On Tuesday afternoon, I was driving in New Jersey with my 14-month-old son and my car was T-boned by another women's vehicle that failed to stop at the stop sign. After the impact and coming to a screeching stop, knowing that my son and I were alright (despite my heart palpitations!), I jumped out of the car, went immediately to her driver’s side door, and said “is everyone alright?”
An appropriate question as I am thankfully observing that no airbags were deployed, damage was moderate and she was soon walking, problem free, and talking on her cell phone without any hesitation. Her response was… “You from Philly?”
Maybe I was overly sensitive, but I was ready to lay out this women. Not only did her careless driving put me, my son and other drivers in harm but her inconsiderate response immediately put me on the defensive. I was about to pull up my sleeves and make her very aware that I was from Philly. Truthfully, I couldn’t hurt a fly but this woman pissed me off. I was inconvenienced, I am now without my car for 2 weeks, and I had nothing nice to say to her so I returned to my car and called the cops. Whether it was maternal instinct, Philly attitude, or simply my Italian upbringing, this woman was on my “list.”
An Alabama ER nurse, Tammy Mathews, was working a late-night shift when an intoxicated and medicated patient grabbed her around the neck, choked her until she couldn’t breathe and spit in her face. She survived, MSNBC reported, but found that her employer wanted her to drop assault charges against her attacker. Then when she refused, she said officials fired her.
Accounts like these compel me to keep talking about violence directed at nurses.
While violent fatalities in the workplace are on the decline, healthcare workers remain at high risk of violent injuries. The Emergency Nurses Association (ENA) reports that “workplace violence (not exclusive to nursing) accounts for approximately 900 deaths and 1.7 million non-fatal assaults each year in the United States.” In 2004, half of non-fatal injuries to workers from assaults and violent acts occurred in healthcare settings, the Bureau of Labor Statistics (BLS) reported.
“Call Security!” is a phrase that is too often yelled across a busy Emergency Room. It's a disruptive moment for any staff nurse, patient or family member who is involved.
Violence in Emergency Departments is a hot topic due to the rising frequency of occurrences nationally. Everyone knows that you don’t touch a cop or any ‘man in uniform.’ Even mouthing off to a cop will get you in trouble. That should never change. As a new mother, I am a believer in instilling a little fear along with manners. I don’t want to have a “punk” for a child. Some people just missed these lessons growing up and everyone from the McDonalds server to nurses are paying for it.
As an ER nurse for most of my career, I have become almost desensitized to the reality that violence in our workplace is becoming more frequent and just as common in the suburban hospitals as those in major cities. The explicatives mother f****w**** or bitch, or f-this and f-that are common language in an Emergency Room. As the nurse this language is directed at, you learn to walk away and control the patient with methods supported by your hospital.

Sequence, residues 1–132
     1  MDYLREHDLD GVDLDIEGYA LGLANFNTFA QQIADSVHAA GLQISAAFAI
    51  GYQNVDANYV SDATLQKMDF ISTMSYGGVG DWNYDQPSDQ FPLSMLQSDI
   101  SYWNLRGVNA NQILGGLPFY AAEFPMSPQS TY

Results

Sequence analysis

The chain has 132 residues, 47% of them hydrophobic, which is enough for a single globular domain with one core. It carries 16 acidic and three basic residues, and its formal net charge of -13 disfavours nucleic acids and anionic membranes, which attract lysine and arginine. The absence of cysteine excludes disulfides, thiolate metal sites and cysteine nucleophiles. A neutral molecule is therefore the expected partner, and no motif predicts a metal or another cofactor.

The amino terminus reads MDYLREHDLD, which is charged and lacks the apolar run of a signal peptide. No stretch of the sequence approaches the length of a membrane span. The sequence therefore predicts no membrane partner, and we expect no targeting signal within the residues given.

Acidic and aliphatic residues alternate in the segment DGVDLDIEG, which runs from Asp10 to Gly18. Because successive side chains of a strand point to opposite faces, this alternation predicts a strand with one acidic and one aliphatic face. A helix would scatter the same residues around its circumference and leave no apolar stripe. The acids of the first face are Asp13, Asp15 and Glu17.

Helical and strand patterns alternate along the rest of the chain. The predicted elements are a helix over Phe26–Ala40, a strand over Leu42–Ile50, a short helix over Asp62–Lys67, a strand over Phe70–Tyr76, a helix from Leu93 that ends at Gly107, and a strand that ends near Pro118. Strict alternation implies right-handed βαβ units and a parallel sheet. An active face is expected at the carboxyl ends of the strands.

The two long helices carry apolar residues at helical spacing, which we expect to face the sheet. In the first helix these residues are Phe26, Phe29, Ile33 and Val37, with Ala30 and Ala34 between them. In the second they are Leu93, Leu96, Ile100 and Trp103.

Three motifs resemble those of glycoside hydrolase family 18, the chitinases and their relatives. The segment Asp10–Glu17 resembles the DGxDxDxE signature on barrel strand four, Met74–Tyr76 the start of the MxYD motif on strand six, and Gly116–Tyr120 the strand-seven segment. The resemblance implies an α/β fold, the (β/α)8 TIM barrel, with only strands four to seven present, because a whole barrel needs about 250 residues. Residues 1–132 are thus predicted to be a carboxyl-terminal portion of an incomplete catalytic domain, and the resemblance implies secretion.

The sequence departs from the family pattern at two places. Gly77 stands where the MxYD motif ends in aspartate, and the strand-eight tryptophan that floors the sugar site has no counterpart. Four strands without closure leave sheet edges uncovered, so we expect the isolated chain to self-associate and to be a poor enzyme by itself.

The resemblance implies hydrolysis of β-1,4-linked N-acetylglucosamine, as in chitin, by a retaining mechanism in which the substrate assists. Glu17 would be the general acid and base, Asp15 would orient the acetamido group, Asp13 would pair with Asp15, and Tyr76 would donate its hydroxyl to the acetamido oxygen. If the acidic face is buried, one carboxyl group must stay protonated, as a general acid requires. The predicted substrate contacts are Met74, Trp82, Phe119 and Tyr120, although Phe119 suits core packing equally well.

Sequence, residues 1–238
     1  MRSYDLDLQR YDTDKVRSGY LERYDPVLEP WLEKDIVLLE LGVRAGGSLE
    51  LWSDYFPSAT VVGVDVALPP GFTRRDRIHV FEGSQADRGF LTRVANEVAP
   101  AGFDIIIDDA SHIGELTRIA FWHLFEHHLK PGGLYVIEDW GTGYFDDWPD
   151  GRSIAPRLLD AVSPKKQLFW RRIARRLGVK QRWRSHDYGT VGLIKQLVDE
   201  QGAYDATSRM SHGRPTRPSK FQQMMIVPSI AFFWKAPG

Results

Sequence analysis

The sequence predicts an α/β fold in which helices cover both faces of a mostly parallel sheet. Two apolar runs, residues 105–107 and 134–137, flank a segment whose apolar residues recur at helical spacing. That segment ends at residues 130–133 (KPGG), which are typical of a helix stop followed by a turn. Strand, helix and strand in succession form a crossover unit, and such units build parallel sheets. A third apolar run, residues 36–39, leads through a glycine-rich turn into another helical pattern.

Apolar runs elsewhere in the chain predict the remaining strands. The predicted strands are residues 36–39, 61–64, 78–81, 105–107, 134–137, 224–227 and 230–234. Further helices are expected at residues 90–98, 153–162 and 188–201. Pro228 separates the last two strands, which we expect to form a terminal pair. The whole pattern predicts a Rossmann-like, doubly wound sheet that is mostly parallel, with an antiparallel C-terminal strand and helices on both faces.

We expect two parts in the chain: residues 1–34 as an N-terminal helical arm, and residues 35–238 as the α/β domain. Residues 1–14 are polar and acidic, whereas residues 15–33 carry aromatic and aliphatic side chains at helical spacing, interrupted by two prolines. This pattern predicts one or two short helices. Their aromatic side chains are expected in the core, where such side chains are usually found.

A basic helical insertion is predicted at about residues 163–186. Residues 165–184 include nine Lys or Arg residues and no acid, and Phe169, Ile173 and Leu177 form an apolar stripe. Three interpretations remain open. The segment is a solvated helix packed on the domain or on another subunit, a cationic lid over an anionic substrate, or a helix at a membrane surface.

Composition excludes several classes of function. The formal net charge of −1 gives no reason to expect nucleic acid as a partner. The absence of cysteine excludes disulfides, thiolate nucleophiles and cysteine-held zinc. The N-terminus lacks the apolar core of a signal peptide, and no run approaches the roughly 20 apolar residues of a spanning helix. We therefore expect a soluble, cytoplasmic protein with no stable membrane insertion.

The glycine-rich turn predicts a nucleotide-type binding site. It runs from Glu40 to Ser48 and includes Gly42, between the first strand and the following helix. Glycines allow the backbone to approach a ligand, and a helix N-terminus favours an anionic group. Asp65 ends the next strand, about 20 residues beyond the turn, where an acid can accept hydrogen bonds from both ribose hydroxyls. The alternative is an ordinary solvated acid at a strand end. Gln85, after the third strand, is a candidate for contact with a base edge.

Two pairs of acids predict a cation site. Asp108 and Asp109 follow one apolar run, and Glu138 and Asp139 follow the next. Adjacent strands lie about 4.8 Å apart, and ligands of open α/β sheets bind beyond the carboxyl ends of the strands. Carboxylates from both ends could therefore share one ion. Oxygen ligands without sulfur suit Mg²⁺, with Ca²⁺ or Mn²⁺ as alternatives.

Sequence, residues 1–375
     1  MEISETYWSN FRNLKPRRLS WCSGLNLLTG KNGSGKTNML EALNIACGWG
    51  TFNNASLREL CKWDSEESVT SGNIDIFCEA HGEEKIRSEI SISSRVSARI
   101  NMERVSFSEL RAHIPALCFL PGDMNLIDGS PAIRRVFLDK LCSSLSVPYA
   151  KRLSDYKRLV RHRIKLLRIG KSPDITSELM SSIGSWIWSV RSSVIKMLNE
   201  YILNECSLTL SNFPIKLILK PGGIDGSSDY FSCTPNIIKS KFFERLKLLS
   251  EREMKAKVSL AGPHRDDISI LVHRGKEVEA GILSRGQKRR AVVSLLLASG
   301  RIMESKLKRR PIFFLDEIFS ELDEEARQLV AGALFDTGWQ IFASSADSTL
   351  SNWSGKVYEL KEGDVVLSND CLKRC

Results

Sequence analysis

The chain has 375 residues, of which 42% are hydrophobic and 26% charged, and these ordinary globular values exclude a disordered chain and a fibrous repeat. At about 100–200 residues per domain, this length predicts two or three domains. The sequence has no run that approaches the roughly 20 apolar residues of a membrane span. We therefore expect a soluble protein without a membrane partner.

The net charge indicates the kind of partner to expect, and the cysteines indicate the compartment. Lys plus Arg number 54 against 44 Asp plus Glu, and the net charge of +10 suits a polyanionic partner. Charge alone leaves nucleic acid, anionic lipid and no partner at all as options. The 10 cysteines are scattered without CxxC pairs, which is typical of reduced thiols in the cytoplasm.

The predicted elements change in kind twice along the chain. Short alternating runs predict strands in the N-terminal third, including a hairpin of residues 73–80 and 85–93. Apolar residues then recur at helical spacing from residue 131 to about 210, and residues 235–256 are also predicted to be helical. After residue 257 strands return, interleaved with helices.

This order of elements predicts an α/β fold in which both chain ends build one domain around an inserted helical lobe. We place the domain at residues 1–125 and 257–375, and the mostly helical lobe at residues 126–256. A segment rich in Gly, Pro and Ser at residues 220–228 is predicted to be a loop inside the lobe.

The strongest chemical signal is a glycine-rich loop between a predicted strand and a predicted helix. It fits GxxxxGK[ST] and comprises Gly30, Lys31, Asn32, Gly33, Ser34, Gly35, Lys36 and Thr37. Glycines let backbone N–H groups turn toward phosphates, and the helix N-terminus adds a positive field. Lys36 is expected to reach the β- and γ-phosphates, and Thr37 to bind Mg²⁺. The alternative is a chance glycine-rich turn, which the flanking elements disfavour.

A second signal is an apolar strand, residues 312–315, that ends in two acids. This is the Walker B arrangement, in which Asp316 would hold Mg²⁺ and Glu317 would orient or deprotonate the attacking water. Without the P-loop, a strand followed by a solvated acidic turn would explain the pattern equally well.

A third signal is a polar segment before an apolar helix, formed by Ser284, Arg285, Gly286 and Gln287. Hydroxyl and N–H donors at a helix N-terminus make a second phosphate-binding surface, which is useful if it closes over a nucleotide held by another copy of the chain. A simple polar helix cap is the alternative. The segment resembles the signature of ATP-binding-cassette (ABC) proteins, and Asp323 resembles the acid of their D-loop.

Mentioned: Penn Presbyterian Medical Center
Am I prepared to go back to school? It’s a question I recently have been forced to asked myself. My employer is in the earlier stages of applying for Magnet Recognition (a term for a credentialing program that recognizes hospitals for higher education among nursing staff, and ultimately better job satisfaction and patient outcomes). I have a four-year nursing degree but I am quickly beginning the search for a Masters of Nursing program to remain a ‘desired employee.’ This would be my second Masters degree, but first in the field of nursing, which is becoming increasingly essential to compete for jobs in the future. I am sick at the thought of starting a new curriculum, paying tuition, and studying for midterms. I thought I went into debt to be done with college classes and move forward with my life. I feel like enrolling in classes is a backwards step or a simply linear one without a definite goal in reach. Working full time, juggling childcare and family matters, I feel time and money are limited. However, my director said it best: “You just keep building, you want a strong resume… It is not going to be a kind job market to those who only have a lesser year degree.”
The wave of panic about enrolling for a higher degree in nursing is widespread. Rationales for riding the wave are just as diverse. Some nurses want to remain competitive and get job security, while others are threatened by a demotion and even termination especially with Magnet Recognition becoming more popular, and high administration positions and educator roles holding strict new criteria for employment. Sure, there’s excitement that comes with every new journey but also resentment and panic at the fact that our profession is forcing us in this direction. When will clinical experience count for college credit?!?
Within the past 10 years, an LPN (licensed practical nurse, under 2 years of training) and an ASN (a 2-year Associates degree in the Science of Nursing, the most entry level college degree) were acceptable for a working nurse. But in 2011, the most experienced nurses are dealing with pressure to compete for their jobs and prove their worth is greater than their LPN or ASN degree might suggest. A nurse can sit for the licensing exam after just 2 years of education and then choose to continue for a four-year Bachelors of Science in Nursing degree (BSN) yet it is quickly becoming less of a choice. Many nurses are still paying for their own college-age children or approaching retirement age and are reluctant to return to college just to keep their job and not necessarily advance in their institution. New graduates, regardless of their degree, are also finding it extremely difficult to be hired especially as they are among a large group of interviewees, fighting for one position, against hundreds of others with competitive resumes.